Adequate infrastructure is crucial for a healthy student body
March 10, 2017
Wallpaper is peeling. Ceilings are leaking. Tiles are missing. While South’s infrastructure is falling apart, some elementary schools in the district are enjoying luxurious 21st century styled classrooms.
We believe that the district should abridge the gap between the Grosse Pointe schools by fixing simple repairs before implementing advanced styled classrooms at elementary schools.
Recently, the school board discovered that the GPPSS has a 1.5 million dollar structural deficit from the 2016-2017 school year. Because of this, the school board is working diligently to evaluate the budget and make necessary changes to raise fund equity.
The most beneficial way to do this is by cutting unnecessary funds and to avoid cutting back on infrastructure, repairs and staff budgets. There must be a balance between fixing the deficit in a way that does not negatively affect students and staff while fixing improvements within the school.
As discussed in the Jan. 9 school board meeting, District Deputy Superintendent for Business and Operations Lisa Abbey stated the plan is to raise fund equity from 8.5 percent to 10 percent. The proposed budget for next year plans for a 2 million dollar reduction, but an addition of 3.1 million dollar from the Wayne County Enhancement Millage, which is an added tax revenue to the school district.
What has been brought up in meetings, and what our ultimate goal is, is to have the enhancement budget strictly cover capital improvements. Even just using 1 million dollar or 2 million dollar of this fund; plus 2.56 million dollar from the sinking fund, a fund specifically used for repairs and improvements, would double the amount for capital improvements.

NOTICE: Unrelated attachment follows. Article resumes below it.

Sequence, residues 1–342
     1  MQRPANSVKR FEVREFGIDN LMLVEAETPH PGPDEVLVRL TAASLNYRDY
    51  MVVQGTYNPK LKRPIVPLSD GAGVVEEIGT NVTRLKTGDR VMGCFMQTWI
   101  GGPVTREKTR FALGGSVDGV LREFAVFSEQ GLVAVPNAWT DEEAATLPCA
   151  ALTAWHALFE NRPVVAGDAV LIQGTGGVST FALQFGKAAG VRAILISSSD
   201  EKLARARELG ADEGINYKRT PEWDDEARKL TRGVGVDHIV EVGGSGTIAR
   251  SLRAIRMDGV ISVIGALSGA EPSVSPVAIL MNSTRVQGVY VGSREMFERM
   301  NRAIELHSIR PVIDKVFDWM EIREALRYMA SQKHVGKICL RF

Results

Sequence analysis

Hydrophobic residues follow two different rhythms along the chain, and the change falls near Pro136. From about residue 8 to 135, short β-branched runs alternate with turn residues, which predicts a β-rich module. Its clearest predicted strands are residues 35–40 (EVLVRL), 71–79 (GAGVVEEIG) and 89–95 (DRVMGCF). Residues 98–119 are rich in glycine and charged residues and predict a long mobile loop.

Emergency repairs are not planned. Prioritizing funds is necessary so when a roof, pipe or wall needs replacing, the funds for the project will be ready. Once the funds are secured, it is up to the district to begin projects to follow up on repairs that have not yet been fixed in the schools.
In fact, there has been a water leak in the IA building stairs for over five years, according to Board member Ahmed Ismail. During the Feb. 13 board meeting, Abbey proposed a bid to fix the longstanding issue. She asks for an approval of $118,000 to begin the project this upcoming summer. It is this improvement and others, like the remodeling of the bathroom in the main building, that show strategic utilization of spendings and we hope to see more plans for improvements in the upcoming budget.
These types of issues should be the budgets first priority, rather than the addition of 21st century classrooms. Although Kerby, Mason and Maire have said good reviews about the these classrooms in the Oct. 10 board meeting, this addition is a bit premature to incorporate as the district deals with infrastructure issues. So far it has costed $58,358, yet it only affects a small amount of students and staff in the district.
Students, teachers and staff are the ones being directly affected by the distribution of the budget. They are the ones who have to sit in classrooms with leaky ceilings and tiles missing above them. They have to alter their routes around the building when sections of the school are blocked off because of flooding. Given all the time and effort put in at school, a nice and clean environment should be guaranteed to everyone in the building.
Government teacher Mike Rennell put it perfectly during the Jan. 23 school board meeting when he said, “It is the teachers, staff, administration, kids, parents and community members that make this a great district…let us not forget that they are the backbone to this school district.”